When traveling through New England, the shopping malls and fast food chains make it easy to forget the area’s history. Cities like Boston and Philadelphia, now booming urban centers, were once focal points in the formation of this country. Whether or not you’re a history buff, here are a few historical American Revolution sites that you should incorporate into your next road trip to the East Coast.
Boston Harbor – In 1773, the British government levied a tax on tea delivered to the 13 colonies. To protest the tax, colonists snuck onto docked ships and threw 342 crates of tea into the harbor. That act of defiance was one of several that eventually led to the Revolutionary War. Today, Boston Harbor is a welcoming tourist attraction and a great place to spend the day. The waterfront offers guided tours, quaint shops, whale-watching expeditions and cruises.
The Paul Revere House – Located in Boston’s north end, the Paul Revere House is a quick stop on your way through the city. The house is downtown Boston’s oldest building and the place from which Paul Revere began his historic ride. The interior is restored to appear as it did in the 1700s, and is open to the public for self-guided tours.
Independence Hall – The site where the Declaration of Independence was signed still stands in downtown Philadelphia. Guided tours are offered all year, and provide a historical context for the events leading up to the Revolution. Visitors are encouraged to explore the surrounding Independence Park, which is considered by some to be “America’s Most Historic Square Mile” because of the numerous monuments and historical sites located there.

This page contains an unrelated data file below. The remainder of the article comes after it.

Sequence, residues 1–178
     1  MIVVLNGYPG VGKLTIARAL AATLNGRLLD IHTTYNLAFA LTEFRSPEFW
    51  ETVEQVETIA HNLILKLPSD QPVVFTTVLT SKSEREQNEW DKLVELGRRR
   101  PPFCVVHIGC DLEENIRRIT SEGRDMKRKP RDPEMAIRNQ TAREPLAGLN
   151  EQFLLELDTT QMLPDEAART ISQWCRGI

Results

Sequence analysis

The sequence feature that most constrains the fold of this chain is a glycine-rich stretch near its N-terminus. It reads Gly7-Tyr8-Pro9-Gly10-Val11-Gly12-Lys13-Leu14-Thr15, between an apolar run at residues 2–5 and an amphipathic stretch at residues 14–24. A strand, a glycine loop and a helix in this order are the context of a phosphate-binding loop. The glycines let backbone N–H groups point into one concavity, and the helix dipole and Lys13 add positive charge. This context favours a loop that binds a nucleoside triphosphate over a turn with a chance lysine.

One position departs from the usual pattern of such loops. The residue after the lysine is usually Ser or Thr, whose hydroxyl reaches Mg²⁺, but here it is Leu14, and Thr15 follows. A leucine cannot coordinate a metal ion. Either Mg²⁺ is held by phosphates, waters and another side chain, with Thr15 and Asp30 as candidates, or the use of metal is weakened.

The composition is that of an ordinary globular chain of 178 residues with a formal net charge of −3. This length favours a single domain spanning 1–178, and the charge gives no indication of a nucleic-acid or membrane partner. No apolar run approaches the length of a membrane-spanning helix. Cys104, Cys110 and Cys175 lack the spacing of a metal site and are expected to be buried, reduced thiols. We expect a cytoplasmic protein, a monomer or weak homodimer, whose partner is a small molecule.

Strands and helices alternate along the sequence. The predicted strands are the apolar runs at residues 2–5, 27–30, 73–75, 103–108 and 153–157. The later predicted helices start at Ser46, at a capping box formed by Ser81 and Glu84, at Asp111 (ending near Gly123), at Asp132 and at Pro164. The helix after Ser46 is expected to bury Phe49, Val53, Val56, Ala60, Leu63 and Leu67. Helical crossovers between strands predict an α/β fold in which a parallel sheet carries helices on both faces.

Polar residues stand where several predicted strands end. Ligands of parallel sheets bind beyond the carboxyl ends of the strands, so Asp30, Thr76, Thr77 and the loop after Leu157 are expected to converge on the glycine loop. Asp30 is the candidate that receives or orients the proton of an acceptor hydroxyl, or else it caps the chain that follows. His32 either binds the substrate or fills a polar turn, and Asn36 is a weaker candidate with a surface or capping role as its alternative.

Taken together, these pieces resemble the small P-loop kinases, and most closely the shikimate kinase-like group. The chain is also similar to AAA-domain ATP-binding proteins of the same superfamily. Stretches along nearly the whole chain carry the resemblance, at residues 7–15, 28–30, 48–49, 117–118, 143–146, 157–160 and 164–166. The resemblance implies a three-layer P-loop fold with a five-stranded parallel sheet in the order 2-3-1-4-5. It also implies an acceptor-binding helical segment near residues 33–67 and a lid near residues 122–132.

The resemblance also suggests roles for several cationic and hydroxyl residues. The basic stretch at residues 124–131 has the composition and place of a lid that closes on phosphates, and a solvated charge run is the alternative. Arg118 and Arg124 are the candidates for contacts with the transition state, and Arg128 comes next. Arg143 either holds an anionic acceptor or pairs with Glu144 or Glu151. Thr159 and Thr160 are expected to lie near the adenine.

Brandywine Battlefield – The largest engagement of the Revolutionary War was fought at Brandywine, just outside of Philadelphia, between the British army and George Washington’s colonial forces. The grounds offer driving tours and historical buildings through which visitors can wander to get a sense of the area’s history.
Valley Forge – Valley Forge National Historical Park in Pennsylvania is the site where George Washington and his troops camped during the winter of 1777-78. The winter was especially cold and harsh, but the colonial troops emerged in the spring as an effective and organized army. The park has been preserved to honor the memory of the people who camped there. Historical tours are given and regular reenactments bring the events of the war to life.
The close proximity of many Revolutionary War sites makes them ideal destinations for a road trip. If you are heading to New England to relive these historic events, make sure to prepare for your journey. Check to see whether your car regular maintenance and online car insurance policies are up to date. If not, a tune-up or insurance quote on the coverage you need can help make sure your trip is a success.
Note: Sponsored content was created and provided by Nationwide Insurance.